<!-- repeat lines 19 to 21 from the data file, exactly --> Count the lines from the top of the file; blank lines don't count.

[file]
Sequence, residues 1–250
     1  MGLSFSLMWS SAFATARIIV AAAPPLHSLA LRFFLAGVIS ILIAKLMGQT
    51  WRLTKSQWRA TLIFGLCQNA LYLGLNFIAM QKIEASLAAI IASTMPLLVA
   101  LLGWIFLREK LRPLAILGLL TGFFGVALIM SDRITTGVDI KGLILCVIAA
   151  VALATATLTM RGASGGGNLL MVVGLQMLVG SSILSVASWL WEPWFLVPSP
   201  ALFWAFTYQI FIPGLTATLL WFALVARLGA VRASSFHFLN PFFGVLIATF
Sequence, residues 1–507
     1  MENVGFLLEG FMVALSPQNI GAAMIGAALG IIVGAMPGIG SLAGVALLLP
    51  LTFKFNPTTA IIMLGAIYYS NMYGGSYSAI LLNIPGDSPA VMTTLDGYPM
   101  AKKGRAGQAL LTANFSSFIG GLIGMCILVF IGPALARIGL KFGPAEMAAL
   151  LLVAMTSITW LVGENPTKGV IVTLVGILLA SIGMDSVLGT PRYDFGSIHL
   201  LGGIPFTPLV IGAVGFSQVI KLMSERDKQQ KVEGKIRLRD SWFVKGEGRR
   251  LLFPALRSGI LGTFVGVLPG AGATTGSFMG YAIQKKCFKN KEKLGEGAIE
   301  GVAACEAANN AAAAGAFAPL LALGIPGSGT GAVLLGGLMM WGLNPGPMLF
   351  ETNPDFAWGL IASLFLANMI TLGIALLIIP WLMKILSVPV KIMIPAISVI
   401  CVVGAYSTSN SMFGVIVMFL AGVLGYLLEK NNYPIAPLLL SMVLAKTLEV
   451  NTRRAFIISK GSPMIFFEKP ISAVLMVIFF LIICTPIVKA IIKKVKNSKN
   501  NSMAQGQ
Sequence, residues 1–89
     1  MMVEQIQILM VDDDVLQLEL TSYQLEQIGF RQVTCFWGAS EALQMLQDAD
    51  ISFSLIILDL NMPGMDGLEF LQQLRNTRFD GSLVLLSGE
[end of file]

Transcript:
Sequence, residues 1–89
     1  MMVEQIQILM VDDDVLQLEL TSYQLEQIGF RQVTCFWGAS EALQMLQDAD
    51  ISFSLIILDL NMPGMDGLEF LQQLRNTRFD GSLVLLSGE